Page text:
4 min read

Friday, April 21, 2023

Taco Bell Big Cheez-It Tostada
the horror

Good morning and welcome to another verified issue of Wolmania. This week we're talking fast food, but also cinema and acts of protest. Mostly fast food though.

I enjoyed this Antonia Hitchens New Yorker story about Taco Bell's food innovation so much that I'm going to cut and paste a few long excerpts. It's a good read - read it!

First, great lede:

Lois Carson always wanted to find a new way to fold a tortilla. “Life’s like an experiment to me,” she said. For twenty-three years, when she worked for Taco Bell as a product developer, she thought and thought about how a tortilla might be wrapped around taco fillings in the shape of a hexagon. She wanted people to be able to pick up the stuffed tortilla with one hand, even while driving, without it falling apart. “It was just something that came into my mind,” she said, seated in a booth at a Taco Bell in Orange County, California. Carson is seventy-three and wears glasses, pink lipstick, and a Timex watch. She started her career in the nineteen-seventies, working in the kitchen at Perino’s, an Italian restaurant in Hollywood frequented by movie stars, where she devised methods to reconstitute the company’s frozen entrées for the microwave age. During her time at Taco Bell, she filled her lab book with sketches annotated with notes on the “build” of the potential hexagonal tortilla product, entering measurements of ingredients into a food-cost model. She practiced the fold technique studiously. “It’s like Thomas Edison and the light bulb,” she said. “He came up with an idea how many times? He made so many tries.”

Second, I guess a lot of Americans eat meals while driving. That doesn't seem safe or pleasant:

“In America, our food habits are still shaped by our Puritan values and work ethic,” Greg Creed, a former Taco Bell C.E.O., wrote in a 2021 book called “R.E.D. Marketing.” (R.E.D. stands for “relevance, ease, and distinctiveness.”) “That’s a big part of why fast food was born in the U.S.: we like and need portable food because it’s traditionally been seen as fuel, rather than an experience.” In the twenty-first century, the paradigm shifted. “Food is now absolutely an experience,” Creed wrote. “However it is still an experience shaped by our need for functionality and portability.” In the book, he endorses a popular theory—that, as American drivers switched to automatic transmissions, the nation collectively gained weight because it became easy to hold a snack in the hand that was formerly reserved for the gearshift.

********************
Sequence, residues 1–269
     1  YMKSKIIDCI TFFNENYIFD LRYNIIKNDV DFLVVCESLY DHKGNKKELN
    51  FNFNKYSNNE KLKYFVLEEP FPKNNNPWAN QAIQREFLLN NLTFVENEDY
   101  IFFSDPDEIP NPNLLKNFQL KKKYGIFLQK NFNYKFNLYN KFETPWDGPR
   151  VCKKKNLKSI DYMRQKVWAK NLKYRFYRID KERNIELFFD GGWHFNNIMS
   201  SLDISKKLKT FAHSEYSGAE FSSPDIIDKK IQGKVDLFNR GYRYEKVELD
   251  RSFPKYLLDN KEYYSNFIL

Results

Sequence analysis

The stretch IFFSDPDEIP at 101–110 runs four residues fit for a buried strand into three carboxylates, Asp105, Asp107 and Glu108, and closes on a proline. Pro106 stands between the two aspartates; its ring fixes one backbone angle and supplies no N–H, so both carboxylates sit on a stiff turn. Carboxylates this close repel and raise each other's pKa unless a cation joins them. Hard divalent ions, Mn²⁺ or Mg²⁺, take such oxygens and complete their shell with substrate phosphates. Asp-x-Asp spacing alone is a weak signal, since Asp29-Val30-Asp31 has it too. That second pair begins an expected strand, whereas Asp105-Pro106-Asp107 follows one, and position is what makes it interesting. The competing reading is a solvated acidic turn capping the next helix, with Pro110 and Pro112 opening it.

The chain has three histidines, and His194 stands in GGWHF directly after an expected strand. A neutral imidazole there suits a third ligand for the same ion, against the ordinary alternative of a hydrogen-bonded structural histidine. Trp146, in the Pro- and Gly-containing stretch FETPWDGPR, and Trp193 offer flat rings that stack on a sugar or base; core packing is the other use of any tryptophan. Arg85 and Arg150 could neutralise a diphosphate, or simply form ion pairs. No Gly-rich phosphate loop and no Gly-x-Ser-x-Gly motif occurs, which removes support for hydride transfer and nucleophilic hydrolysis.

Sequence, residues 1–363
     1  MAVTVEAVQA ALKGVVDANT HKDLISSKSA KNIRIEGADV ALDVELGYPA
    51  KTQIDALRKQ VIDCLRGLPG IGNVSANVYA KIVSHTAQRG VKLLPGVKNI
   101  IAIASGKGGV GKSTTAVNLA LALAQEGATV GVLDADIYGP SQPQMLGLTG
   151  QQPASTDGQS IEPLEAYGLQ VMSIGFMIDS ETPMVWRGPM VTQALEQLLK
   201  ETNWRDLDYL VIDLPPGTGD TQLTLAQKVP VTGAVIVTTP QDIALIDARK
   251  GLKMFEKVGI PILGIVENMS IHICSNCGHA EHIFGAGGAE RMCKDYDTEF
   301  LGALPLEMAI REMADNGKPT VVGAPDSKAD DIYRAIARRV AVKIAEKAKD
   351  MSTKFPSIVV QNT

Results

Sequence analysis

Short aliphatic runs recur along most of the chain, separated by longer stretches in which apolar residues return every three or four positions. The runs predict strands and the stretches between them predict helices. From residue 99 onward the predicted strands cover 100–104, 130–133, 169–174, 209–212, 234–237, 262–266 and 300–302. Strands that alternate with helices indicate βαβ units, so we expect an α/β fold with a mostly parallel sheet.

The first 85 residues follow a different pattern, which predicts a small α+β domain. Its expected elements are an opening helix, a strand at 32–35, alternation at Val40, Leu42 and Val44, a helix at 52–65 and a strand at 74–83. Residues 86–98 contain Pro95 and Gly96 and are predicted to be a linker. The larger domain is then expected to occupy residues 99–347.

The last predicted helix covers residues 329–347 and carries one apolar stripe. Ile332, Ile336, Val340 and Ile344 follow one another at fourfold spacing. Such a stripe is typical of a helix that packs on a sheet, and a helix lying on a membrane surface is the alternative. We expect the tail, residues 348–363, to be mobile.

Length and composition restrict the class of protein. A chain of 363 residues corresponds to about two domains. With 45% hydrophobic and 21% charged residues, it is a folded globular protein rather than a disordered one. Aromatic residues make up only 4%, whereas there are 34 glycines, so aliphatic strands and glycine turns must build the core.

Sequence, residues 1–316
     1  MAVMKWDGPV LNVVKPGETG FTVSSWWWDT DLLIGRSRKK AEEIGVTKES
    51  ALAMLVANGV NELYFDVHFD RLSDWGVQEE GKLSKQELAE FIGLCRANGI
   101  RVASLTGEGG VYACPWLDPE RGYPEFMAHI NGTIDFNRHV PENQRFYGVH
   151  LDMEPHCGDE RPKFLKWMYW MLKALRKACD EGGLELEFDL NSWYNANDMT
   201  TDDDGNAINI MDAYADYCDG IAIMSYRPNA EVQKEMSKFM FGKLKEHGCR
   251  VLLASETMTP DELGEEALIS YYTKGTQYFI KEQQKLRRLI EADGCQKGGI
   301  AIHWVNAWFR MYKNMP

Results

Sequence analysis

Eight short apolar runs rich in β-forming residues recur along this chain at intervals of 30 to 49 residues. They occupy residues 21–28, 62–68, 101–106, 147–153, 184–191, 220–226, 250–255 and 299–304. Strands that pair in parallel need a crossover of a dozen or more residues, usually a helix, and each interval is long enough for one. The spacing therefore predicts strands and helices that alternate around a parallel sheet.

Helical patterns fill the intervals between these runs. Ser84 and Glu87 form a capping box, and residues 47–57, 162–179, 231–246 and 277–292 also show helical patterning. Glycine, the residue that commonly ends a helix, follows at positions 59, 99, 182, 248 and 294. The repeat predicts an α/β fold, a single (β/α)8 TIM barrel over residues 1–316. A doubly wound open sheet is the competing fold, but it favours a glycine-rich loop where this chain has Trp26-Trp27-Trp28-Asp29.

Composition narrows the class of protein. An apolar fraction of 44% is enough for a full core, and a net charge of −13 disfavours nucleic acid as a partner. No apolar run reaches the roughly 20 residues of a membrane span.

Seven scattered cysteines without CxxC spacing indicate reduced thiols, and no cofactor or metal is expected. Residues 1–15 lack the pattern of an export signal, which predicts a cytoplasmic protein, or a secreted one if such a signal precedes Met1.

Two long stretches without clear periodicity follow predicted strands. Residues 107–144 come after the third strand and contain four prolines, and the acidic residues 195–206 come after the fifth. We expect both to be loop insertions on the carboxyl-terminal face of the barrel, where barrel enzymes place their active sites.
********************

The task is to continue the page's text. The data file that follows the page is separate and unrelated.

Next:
Third, imagine doing all this work for what is, in my humble opinion, a not-very-good taco:

Denise Lefebvre, a food-research executive at PepsiCo, told me, “We first tried triangle taco shells of different sizes, but those couldn’t fit enough filling.” To get the right taste and texture for the shell, Frito-Lay tested more than fifty recipes. The company had to come up with “a bespoke means to season taco shells,” Lefebvre said. “This took months to achieve, with lots of consumer input.” An early try involved using a Home Depot paint-spray gun to apply the nacho-cheese powder to the shells. Three inventors are credited on a patent titled “System and process for applying seasoning to a food item.” (Besides getting the coating on the taco shells, the process protected workers from being harmed by breathing in Doritos dust.) Along the way, the company also developed a cardboard taco holster to keep the orange dust from getting all over fingers and clothes.
The Doritos Locos Taco, or D.L.T., is designed to target taste buds using “dynamic contrast”—in this case, the sensation of biting through the crispy shell to the fat-laced filling. Exactly half of a D.L.T.’s hundred and seventy calories are from fat, the ideal ratio for a pleasing mouthfeel. The lactic acid and citric acid in the Doritos dust get saliva flowing and excite the brain’s pleasure center, signalling you to eat more. The taco has what industry scientists call a “long hang time” flavoring system, meaning that the lingering smell stimulates food memories and cravings; meanwhile, the multifaceted flavors are strong enough to trip “sensory-specific satiety,” a neural signal that makes you think you’re full.

I'm also not too enthused about the proposal of "a Cheez-It deployed as a raft for spicy meat"(?!).

Anyway, next time you're in the vicinity of a Taco Bell, I highly recommend the spicy potato soft taco. Based on its excellent mouthfeel I can only assume that half of its calories are from fat.

Item 2: a list

Old McDonald's menu with a bunch of items listed at prices between 10c and 20c. Which items, you ask? Well, they're helpfully ranked below.

Original McDonald’s menu items, ranked

  1. Tempting Cheeseburger
  2. Golden French Fries
  3. Full-Flavor Orange Drink
  4. Triple-Thick Shakes
  5. Delightful Root Beer
  6. Thirst-Quenching Coke
  7. Steaming Hot Coffee
  8. Pure Beef Hamburger
  9. Refreshing Cold Milk

Item 3: a media recommendation

Akira Kurosawa - Composing Movement (Every Frame a Painting) - you're probably going to have to click through to watch it

Item 4: word of the week


Item 5: a photograph

Just click on the photo and see where it goes
This went better than he could have ever expected

See ya!

Thanks for reading. Have a Doritos Locos Weekend.